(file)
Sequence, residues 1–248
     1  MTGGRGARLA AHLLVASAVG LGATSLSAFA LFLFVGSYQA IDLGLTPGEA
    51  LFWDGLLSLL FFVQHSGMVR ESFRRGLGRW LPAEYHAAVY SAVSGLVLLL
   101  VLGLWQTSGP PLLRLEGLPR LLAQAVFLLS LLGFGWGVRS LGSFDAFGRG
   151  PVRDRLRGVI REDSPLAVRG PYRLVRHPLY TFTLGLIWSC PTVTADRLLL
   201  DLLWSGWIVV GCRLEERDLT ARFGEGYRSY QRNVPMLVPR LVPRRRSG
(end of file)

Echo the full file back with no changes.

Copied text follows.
Sequence, residues 1–248
     1  MTGGRGARLA AHLLVASAVG LGATSLSAFA LFLFVGSYQA IDLGLTPGEA
    51  LFWDGLLSLL FFVQHSGMVR ESFRRGLGRW LPAEYHAAVY SAVSGLVLLL
   101  VLGLWQTSGP PLLRLEGLPR LLAQAVFLLS LLGFGWGVRS LGSFDAFGRG
   151  PVRDRLRGVI REDSPLAVRG PYRLVRHPLY TFTLGLIWSC PTVTADRLLL
   201  DLLWSGWIVV GCRLEERDLT ARFGEGYRSY QRNVPMLVPR LVPRRRSG